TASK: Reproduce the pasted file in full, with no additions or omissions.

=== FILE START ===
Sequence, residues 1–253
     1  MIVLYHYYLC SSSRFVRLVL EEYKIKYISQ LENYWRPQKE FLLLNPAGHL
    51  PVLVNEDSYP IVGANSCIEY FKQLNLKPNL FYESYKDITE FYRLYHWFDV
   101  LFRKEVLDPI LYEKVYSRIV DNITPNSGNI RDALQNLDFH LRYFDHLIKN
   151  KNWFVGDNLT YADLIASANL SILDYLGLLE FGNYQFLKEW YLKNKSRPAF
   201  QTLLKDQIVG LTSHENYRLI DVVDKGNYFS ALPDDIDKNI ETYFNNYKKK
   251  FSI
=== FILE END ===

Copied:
Sequence, residues 1–253
     1  MIVLYHYYLC SSSRFVRLVL EEYKIKYISQ LENYWRPQKE FLLLNPAGHL
    51  PVLVNEDSYP IVGANSCIEY FKQLNLKPNL FYESYKDITE FYRLYHWFDV
   101  LFRKEVLDPI LYEKVYSRIV DNITPNSGNI RDALQNLDFH LRYFDHLIKN
   151  KNWFVGDNLT YADLIASANL SILDYLGLLE FGNYQFLKEW YLKNKSRPAF
   201  QTLLKDQIVG LTSHENYRLI DVVDKGNYFS ALPDDIDKNI ETYFNNYKKK
   251  FSI